Posts by tvergon

What regulations govern data center operations?

Posted by on Dec 4, 2014 in Facilities Management, Training | 1 comment

What Regulations Govern Data Center Operations? In the United States, various codes and regulations protect the environment and keep workers safe. There are several types of environmental compliance requirements that pertain specifically to data center operations, each requirement varying based on the size and type of data center involved. But unfortunately, data center managers can become so focused on what it takes to ensure uptime that these environmental and health and safety compliance requirements can get overlooked. There are fines for noncompliance that can amount to hundreds of thousands of dollars and, in certain circumstances, a manager can be held personally liable for a violation. Environmental regulations common to data center operations One environmental regulation applies to diesel fuel storage. If you store diesel fuel for your emergency generators in excess of 1,320 gallons, you are required to perform an evaluation to determine if your data center falls under Spill Prevention, Control and Countermeasure (SPCC) plans. The plan includes spill prevention and cleanup procedures, inspection protocols, recordkeeping, and training and may require that a professional engineer, or PE, sign off on the plan....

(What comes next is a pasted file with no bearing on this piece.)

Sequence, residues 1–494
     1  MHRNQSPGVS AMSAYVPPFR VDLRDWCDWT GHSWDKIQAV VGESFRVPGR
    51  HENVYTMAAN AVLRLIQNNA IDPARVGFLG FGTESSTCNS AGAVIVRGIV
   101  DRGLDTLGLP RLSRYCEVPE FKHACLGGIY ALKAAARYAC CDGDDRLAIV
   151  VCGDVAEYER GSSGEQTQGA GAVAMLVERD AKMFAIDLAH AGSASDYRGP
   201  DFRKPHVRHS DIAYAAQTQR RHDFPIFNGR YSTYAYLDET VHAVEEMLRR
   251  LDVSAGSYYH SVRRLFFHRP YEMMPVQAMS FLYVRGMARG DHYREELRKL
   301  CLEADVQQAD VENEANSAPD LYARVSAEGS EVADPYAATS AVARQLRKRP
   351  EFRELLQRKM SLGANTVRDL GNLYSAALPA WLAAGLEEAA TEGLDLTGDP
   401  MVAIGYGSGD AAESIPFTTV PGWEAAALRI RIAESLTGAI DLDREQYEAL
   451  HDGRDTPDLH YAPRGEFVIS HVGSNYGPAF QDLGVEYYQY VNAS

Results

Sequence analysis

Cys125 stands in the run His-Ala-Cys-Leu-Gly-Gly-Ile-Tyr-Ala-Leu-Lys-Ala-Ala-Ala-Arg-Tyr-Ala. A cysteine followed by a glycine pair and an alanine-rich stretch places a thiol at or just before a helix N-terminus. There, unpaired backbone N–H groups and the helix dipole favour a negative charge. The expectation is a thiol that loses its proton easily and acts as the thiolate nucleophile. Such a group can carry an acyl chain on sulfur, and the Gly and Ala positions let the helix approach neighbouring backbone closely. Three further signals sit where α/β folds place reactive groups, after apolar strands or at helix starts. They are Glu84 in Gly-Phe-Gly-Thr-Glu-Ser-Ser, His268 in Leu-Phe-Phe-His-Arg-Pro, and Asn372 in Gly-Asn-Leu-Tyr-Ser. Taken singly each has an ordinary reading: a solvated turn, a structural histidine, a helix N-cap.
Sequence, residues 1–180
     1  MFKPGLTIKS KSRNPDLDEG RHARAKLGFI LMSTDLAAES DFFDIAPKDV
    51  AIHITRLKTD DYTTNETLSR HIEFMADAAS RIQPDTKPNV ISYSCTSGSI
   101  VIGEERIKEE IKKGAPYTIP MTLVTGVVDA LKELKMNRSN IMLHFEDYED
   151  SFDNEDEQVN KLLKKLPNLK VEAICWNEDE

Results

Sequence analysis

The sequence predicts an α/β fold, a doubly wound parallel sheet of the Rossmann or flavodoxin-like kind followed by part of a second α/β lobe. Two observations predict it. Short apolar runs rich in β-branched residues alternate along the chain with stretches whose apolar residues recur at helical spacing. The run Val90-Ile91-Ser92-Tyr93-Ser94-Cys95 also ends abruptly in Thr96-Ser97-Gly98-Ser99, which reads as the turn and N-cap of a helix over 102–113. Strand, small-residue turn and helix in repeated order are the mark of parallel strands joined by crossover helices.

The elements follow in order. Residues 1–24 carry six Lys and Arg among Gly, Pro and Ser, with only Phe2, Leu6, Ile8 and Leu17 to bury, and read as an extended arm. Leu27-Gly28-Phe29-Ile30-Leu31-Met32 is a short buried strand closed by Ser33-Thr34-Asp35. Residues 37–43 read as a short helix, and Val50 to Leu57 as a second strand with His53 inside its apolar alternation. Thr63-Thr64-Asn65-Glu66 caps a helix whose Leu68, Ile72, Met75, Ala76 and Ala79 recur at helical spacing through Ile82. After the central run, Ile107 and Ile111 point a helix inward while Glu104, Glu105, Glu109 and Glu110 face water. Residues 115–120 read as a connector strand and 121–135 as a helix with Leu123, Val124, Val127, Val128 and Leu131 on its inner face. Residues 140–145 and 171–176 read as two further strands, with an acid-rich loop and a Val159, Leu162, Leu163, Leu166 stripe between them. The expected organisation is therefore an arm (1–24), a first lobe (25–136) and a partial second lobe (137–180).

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Mission critical training: Are you certified or qualified?

Posted by on Sep 4, 2014 in Training | 1 comment

How do you certify or qualify someone to work in your data center? Do you administer classes, give them a written examination, question them in front of a panel of experts, or review their experience and call it good? I see it on resumes and applications, “qualified data center technician” or “certified data center technician or engineer.”  And when I see that, I always ask, “How did you get qualified? Who certified you?” A combination of experience over the years and a certificate given by the employer (who in reality doesn’t have an accredited program) is usually offered as the answer. I see a definite need for legitimate certification and qualification processes; but before I go further, let me explain how I use the terms “certification” and “qualification.” Certification: A process through which a person’s level of knowledge and skill at a certain level has been validated through accepted, repeatable examination and testing. Qualification: A process through which a person demonstrates repeatable success in the operation and response to a facility’s equipment and systems....

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The vanadium redox flow battery

Posted by on Aug 7, 2014 in Facilities Management, Industry Trends, Innovation, Site Improvement | 0 comments